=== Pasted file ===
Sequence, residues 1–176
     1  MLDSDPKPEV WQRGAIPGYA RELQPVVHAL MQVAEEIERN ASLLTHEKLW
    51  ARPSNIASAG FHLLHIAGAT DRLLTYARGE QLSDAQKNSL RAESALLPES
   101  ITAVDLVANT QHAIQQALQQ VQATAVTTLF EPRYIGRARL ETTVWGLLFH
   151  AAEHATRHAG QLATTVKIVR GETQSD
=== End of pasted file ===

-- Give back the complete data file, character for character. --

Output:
Sequence, residues 1–176
     1  MLDSDPKPEV WQRGAIPGYA RELQPVVHAL MQVAEEIERN ASLLTHEKLW
    51  ARPSNIASAG FHLLHIAGAT DRLLTYARGE QLSDAQKNSL RAESALLPES
   101  ITAVDLVANT QHAIQQALQQ VQATAVTTLF EPRYIGRARL ETTVWGLLFH
   151  AAEHATRHAG QLATTVKIVR GETQSD